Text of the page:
• 25,000 pounds operating weight

• 8’0” basic screed width

• 15’6” maximum paving width

The largest tracked asphalt paver model offered by compact paving equipment manufacturer LeeBoy, the 8816B comes standard with the company’s heavy-duty Legend II screed system, featuring electrically-heated main screed and extensions. With its 10-ton-capacity receiving hopper served by independently-controlled slat feed conveyors, the 8816B is driven by a hydrostatically-powered, self-cleaning track with hydraulically-adjustable front idlers. Dual slide-out operator stations, common on the largest pavers in the market, enhance visibility to the paving area for the LeeBoy paver’s operator. Dual electronic control stations offer either right- or left-hand control of all paver functions.

VOGELE

VISION 5100-2

Vision 5100-2

• 170 gross horsepower

• 34,050 pounds operating weight

• 8’0” basic screed width

• 19’0” maximum paving width

Super 1800-2 SprayJet

• 174 gross horsepower

• 45,856 pounds operating weight

• 8’4” basic screed width

• 19’8” maximum paving width

Vision 5200-2

• 240 gross horsepower

• 34,400 pounds operating weight

• 10’0” basic screed width

• 25’6” maximum paving width

Super 2100-2

• 244 gross horsepower

• 47,179 pounds operating weight

• 8’4” basic screed width

• 42’7” maximum paving width

In addition to the tracked asphalt pavers listed above, identified by parent company Wirtgen as “primary North American models,” Vögele offers the Super 1600-2, Super 1800-2 and Super 1900-2 models with basic screed widths of 8 feet 4 inches, as well as a new flagship model, the highway-class Super 3000-2. With a maximum laydown rate of 1,600 tons per hour, the 402-horsepower Super 3000-2 replaced the 366-horsepower Super 2500, offering multiple-material paving widths ranging from a basic 9 feet 8 inches to a maximum 52 feet 6 inches. “Clean-sheet designed,” Vision Series machines have self-diagnostics, independently-operated hopper wings, and reversible augers and conveyors.

ROADTEC

RP-175

• 174 gross horsepower

• 33,220 pounds operating weight

• 8’0” basic screed width

• 15’6” maximum paving width

RP-195

• 225 gross horsepower

• 43,000 pounds operating weight

• 10’0” basic screed width

• 19’6” maximum paving width

SP-200

• 225 gross horsepower

• 62,500 pounds operating weight

• 10’0” basic screed width

• 19’6” maximum paving width

In addition to standard 8- and 10-foot-class tracked asphalt paver models, Astec’s Roadtec brand offers the SP-200 “spray paver” that, in a single process, lays a tack coat down directly in front of the asphalt mix. Software has since been upgraded on the SP-200 to provide a more intuitive control interface, says Roadtec. On all company paver models, the cooling package is mounted on the machine’s side, where it can capture the cleanest and coolest air. Sauer-Danfoss 90 Series variable-displacement pumps are used, “since the larger capacity enables them to run at a more optimal speed, which permits them to run cooler and increase their life,” says Roadtec marketing manager Eric Baker.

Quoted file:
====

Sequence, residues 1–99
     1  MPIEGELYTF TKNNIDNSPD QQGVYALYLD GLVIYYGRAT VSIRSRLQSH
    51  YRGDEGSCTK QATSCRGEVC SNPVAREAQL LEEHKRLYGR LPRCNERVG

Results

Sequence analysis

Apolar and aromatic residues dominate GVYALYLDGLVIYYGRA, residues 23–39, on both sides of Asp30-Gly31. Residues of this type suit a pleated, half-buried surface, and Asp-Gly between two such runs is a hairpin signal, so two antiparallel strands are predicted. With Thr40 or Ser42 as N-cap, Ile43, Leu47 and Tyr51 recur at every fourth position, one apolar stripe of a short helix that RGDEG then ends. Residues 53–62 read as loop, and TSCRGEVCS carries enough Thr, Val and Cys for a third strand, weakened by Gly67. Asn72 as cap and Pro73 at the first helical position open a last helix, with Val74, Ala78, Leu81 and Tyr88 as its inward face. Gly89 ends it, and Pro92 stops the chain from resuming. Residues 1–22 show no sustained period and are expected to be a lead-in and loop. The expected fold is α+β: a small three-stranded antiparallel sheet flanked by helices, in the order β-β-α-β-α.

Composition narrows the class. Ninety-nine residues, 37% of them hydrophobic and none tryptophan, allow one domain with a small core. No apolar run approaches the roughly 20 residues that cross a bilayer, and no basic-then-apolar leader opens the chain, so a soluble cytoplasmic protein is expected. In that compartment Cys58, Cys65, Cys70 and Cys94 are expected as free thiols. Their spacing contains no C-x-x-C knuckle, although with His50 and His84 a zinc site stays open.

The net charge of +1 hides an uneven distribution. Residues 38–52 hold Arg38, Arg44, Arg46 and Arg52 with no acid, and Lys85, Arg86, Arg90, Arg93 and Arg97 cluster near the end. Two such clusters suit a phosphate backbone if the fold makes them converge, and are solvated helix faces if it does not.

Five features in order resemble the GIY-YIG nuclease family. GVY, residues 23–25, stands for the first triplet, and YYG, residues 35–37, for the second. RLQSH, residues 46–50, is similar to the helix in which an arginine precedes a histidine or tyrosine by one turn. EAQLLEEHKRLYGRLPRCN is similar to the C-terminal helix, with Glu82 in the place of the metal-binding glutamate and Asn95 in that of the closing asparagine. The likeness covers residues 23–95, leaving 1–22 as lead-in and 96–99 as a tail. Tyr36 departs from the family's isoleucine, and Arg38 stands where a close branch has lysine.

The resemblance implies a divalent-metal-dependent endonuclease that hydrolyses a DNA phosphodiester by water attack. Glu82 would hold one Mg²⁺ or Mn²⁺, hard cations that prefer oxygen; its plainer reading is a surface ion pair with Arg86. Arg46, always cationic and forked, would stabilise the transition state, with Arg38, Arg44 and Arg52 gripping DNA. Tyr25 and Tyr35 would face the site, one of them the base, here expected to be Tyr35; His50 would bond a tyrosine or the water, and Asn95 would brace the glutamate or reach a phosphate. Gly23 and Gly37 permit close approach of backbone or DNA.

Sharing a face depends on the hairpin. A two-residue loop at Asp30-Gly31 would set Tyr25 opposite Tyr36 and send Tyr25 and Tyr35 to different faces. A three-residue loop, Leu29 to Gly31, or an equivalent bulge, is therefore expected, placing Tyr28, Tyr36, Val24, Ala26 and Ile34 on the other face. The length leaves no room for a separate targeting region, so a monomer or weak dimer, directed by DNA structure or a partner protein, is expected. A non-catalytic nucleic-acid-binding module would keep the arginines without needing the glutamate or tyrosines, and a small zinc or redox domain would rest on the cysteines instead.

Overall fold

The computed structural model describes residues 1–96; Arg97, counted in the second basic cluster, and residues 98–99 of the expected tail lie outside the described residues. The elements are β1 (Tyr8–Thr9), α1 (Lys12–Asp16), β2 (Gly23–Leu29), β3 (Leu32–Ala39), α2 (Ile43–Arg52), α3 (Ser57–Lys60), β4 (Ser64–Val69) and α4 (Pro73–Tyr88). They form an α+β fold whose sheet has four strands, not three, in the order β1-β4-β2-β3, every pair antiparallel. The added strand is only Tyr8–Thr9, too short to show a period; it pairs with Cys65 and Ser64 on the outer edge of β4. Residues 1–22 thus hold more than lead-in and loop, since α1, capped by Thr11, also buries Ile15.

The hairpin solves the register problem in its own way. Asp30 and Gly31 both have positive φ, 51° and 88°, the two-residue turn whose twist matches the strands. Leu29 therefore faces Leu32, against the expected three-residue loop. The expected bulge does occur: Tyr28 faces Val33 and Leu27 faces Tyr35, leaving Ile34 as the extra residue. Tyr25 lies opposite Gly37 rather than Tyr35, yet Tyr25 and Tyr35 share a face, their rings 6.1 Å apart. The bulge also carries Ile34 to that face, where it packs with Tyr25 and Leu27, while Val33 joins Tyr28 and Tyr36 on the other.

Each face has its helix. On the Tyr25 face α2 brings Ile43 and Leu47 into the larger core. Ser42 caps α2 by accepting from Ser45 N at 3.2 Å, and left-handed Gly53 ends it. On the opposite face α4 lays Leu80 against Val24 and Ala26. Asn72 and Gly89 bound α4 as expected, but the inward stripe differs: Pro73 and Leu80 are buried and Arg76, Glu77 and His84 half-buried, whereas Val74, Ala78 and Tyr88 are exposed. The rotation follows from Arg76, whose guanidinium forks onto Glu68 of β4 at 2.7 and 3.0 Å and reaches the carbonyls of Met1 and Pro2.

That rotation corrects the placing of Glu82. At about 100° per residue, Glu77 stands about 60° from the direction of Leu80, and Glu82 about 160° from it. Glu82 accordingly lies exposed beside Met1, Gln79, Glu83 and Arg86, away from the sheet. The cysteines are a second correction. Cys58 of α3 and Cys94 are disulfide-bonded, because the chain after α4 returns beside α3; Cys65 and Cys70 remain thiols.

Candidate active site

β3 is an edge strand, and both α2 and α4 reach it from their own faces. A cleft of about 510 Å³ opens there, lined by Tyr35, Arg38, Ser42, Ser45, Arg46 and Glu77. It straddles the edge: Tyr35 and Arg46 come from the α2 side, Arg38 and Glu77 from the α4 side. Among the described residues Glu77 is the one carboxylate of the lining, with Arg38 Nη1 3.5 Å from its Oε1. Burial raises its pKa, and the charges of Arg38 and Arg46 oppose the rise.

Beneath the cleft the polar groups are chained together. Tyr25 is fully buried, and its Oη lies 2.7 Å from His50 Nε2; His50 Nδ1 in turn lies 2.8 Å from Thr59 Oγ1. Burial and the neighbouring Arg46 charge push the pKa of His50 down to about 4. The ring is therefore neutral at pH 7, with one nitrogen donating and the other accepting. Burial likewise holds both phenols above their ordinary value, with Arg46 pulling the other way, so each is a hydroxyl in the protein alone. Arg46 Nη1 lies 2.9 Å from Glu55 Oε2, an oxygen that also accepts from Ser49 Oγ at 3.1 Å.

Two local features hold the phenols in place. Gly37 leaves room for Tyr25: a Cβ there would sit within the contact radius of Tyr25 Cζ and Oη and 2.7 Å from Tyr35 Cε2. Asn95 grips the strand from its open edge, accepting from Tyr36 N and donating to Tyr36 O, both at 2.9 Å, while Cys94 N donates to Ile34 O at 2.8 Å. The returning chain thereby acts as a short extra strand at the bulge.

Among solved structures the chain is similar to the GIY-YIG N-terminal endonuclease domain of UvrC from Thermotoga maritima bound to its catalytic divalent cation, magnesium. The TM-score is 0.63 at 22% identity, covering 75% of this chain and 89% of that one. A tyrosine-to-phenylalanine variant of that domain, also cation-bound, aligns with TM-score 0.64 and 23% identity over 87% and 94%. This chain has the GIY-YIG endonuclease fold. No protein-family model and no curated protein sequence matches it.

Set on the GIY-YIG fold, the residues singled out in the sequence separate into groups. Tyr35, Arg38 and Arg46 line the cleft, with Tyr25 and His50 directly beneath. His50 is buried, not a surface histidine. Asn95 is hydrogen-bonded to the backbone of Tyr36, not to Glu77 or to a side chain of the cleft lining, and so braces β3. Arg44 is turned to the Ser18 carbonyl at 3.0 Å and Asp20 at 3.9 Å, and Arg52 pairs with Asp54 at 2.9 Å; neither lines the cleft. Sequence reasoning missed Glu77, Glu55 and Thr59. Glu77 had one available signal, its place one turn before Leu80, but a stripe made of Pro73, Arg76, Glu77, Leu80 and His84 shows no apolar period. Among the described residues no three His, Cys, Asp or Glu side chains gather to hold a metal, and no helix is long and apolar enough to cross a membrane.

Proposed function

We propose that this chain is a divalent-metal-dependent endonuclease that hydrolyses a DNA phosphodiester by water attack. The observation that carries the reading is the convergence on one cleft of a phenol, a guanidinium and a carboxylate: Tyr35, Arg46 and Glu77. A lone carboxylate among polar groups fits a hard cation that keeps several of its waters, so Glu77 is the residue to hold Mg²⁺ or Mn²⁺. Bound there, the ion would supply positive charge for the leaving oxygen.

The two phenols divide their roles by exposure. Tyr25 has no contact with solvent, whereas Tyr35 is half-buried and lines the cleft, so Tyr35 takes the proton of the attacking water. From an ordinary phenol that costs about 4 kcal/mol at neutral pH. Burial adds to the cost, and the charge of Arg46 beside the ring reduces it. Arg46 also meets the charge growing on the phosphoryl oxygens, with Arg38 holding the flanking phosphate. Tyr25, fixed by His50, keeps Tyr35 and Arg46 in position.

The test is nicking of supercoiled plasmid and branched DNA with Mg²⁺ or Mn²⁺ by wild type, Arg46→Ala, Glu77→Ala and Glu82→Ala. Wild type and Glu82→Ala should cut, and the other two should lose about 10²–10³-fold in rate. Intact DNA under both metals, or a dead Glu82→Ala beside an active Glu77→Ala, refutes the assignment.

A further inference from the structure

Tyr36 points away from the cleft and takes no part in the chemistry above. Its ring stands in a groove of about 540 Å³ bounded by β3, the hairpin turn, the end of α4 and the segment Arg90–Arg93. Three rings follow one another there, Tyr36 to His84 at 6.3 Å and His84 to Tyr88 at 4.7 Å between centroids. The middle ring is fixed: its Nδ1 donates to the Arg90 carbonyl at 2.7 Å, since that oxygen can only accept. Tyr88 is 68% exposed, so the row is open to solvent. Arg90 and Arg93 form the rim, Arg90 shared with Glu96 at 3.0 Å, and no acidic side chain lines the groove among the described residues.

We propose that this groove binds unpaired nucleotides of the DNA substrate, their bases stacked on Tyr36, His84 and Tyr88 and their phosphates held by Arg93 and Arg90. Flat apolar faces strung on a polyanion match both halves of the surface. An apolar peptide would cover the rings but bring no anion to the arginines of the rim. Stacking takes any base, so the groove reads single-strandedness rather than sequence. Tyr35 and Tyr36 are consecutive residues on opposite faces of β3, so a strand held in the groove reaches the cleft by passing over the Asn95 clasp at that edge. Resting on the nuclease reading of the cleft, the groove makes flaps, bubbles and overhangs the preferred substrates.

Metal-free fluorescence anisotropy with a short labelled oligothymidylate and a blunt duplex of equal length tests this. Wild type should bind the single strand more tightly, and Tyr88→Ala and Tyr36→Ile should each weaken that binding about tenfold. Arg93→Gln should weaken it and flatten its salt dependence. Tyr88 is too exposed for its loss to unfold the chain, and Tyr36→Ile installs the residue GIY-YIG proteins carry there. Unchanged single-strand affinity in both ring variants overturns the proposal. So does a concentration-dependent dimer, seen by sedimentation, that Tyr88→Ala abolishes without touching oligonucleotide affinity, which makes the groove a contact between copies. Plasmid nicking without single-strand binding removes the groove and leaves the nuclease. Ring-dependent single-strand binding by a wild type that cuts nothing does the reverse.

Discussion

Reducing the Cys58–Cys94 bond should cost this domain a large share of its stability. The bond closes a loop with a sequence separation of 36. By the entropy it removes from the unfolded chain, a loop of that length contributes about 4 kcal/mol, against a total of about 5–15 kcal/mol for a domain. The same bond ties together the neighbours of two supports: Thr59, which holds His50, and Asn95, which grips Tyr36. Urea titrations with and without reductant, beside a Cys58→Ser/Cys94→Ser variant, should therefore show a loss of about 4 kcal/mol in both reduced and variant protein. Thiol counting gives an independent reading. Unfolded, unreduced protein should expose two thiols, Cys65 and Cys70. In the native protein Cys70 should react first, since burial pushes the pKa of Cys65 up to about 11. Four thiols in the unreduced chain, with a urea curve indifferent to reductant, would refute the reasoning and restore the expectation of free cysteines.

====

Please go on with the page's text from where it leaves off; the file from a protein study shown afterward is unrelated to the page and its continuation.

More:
CATERPILLAR

AP555E (new)

• 142 gross horsepower

• 35,810 pounds operating weight

• 8’0” basic screed width

• 20’2” maximum paving width

AP655D

• 174 gross horsepower

• 40,234 pounds operating weight

• 8’0” basic screed width

• 20’2” maximum paving width

AP1055E (new)

• 225 gross horsepower

• 44,167 pounds operating weight

• 10’0” basic screed width

• 24’2” maximum paving width

To be released in June, the 10-foot-class AP1055E powered by the Cat C7.1 engine with ACERT technology will be the first tracked asphalt paver available that meets Tier 4 Interim emissions standards, says Caterpillar. For reduced fuel burn, the new highway-class paver model will feature Eco-mode and automatic engine speed control. All Caterpillar asphalt paver models boast electronic engine power management, which manages the load on the engine and material handling system. In case of overload, engine and feeder performance is automatically modified to prevent stalling. Each model is available with factory-installed Cat Grade and Slope.

TEREX ROADBUILDING

CR562

CR362L

• 160 gross horsepower

• 31,450 pounds operating weight

• 8’0” basic screed width

• 20’0” maximum paving width

CR462

• 220 gross horsepower

• 38,700 pounds operating weight

• 10’0” basic screed width

• 28’0” maximum paving width

CR562

• 260 gross horsepower

• 40,415 pounds operating weight

• 10’0” basic screed width

• 30’0” maximum paving width

CR662RM

• 260 gross horsepower

• 48,300 pounds operating weight

• 10’0” basic screed width

• 30’0” maximum paving width

Each available in assorted model versions, the Terex CR400, CR500 and CR600 Series pavers have been updated with Tier 4 Interim engines, to be integrated into production throughout 2011. This, the company says, has been accomplished with only minor modifications to the engine and cooling systems. Radiator and cooling fan sizes have increased, but space has been left under the hood for the module required in three years for Tier 4 Final, resulting in a “minimal” increase in hood height. The operator’s seat has been raised by the same amount, thus preserving visibility, says Terex Roadbuilding. The CR662 RoadMix paver/material transfer vehicle is now fully lined with a Ni-Hard cast liner.